Ukraine Limits Russian Use

Ukraine has adopted a new language policy which marks the nation’s continued departure from the protocols outlined in the Minsk Agreements of 2014, indicating that linguistic tension remains a major issue in the country. The policy—which was passed in 2019 and took effect beginning July 16, according to a report from TASS Russian News Agency—requires television channels to broadcast at least 90% of their content in the Ukrainian language and also requires state-sponsored cultural events to be conducted in Ukrainian.
“On July 16, new language regulations took effect in Ukraine that mark another step away from the Minsk Agreements, which provide Donbass with the right to linguistic self-determination,” said Boris Gryzlov, the Russian envoy to the contact group on resolving the situation in Donbass (a region in the eastern part of Ukraine with a large proportion of Russian speakers). The Minsk Agreements (also known as the Minsk Protocol) were signed in 2014 in an effort to stop the war in Donbass, which saw significant unrest during the aftermath of the 2014 Ukrainian Revolution.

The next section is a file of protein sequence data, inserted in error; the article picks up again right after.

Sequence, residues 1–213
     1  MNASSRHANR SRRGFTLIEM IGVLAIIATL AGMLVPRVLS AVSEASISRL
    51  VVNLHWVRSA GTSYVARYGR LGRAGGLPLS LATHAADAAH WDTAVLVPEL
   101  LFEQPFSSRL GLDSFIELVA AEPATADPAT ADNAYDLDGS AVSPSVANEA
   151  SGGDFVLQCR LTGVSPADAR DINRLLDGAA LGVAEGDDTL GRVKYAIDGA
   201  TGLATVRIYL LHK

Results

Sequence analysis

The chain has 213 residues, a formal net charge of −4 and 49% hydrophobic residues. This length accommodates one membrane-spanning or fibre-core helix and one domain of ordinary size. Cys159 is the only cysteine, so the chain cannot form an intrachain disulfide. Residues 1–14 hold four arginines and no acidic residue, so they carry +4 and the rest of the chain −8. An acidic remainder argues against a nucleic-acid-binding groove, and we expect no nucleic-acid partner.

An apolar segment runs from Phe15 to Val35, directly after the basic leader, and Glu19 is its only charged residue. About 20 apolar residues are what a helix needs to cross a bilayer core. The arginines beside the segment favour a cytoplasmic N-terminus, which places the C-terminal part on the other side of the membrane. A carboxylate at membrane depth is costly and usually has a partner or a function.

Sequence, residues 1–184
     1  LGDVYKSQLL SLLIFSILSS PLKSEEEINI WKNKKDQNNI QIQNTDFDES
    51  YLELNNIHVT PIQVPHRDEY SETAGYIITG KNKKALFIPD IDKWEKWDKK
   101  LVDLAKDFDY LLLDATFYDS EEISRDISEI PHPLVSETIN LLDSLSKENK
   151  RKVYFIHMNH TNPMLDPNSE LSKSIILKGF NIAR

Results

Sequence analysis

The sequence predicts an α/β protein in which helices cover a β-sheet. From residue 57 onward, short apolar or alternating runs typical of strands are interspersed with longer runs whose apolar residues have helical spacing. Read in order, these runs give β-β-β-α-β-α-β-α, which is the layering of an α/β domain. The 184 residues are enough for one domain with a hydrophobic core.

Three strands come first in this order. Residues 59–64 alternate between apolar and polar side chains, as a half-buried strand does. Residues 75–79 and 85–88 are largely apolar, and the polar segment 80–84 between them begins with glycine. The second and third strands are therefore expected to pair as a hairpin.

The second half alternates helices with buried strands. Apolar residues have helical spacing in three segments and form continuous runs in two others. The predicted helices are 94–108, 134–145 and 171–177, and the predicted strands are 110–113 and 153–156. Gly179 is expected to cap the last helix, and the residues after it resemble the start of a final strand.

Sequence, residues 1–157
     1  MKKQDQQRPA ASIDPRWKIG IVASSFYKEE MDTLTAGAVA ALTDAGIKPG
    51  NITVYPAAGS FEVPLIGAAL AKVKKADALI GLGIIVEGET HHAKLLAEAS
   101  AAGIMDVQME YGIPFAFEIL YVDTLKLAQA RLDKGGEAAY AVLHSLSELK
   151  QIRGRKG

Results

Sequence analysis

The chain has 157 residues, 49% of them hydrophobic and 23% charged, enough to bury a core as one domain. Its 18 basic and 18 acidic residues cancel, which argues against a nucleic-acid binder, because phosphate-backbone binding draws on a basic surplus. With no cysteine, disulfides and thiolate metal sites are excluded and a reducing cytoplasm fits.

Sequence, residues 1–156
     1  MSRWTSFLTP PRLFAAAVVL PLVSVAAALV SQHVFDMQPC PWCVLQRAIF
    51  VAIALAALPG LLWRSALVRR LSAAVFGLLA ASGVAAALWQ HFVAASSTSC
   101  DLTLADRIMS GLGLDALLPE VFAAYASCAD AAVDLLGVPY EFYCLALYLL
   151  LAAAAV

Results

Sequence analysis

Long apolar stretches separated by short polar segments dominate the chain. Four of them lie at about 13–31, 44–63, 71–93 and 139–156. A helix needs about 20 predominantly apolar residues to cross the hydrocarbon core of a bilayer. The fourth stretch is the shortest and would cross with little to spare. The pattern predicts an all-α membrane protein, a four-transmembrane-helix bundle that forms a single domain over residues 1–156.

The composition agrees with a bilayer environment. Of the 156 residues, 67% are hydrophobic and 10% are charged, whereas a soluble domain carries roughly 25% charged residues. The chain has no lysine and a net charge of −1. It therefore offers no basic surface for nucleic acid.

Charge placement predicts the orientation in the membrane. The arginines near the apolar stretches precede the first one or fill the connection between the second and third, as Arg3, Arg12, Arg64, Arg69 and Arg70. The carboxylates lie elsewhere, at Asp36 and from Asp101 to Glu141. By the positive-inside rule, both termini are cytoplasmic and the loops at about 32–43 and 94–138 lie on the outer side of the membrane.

Many see this move as one of many policies aimed at antagonizing the country’s northeastern neighbor: Russia. The country has also adopted policies that would make Ukrainian the mandatory language of the service industry, as well as policies that require Ukrainian proficiency tests, effectively making the language obligatory in schools too. Less than 70% of the country uses the language as their primary language, and a sizeable minority (29.6%) use Russian as their primary language. In addition, Ukraine also adopted a bill titled On the Indigenous Peoples of Ukraine on July 1 mandating special linguistic and cultural accommodations for certain people considered indigenous to Ukraine—notably, this bill did not include Russians. The bill does, however, include special protections for Crimean Tatars, Karaite Jews, and Krymchaks, ensuring that they will be able to receive education in their native languages and allowing them to create representative bodies to defend the interests of their constituents. Russian president Vladimir Putin condemned the bill, accusing Ukraine of adopting segregationist policies, even going as far as to compare the bill to the policies of Nazi Germany.

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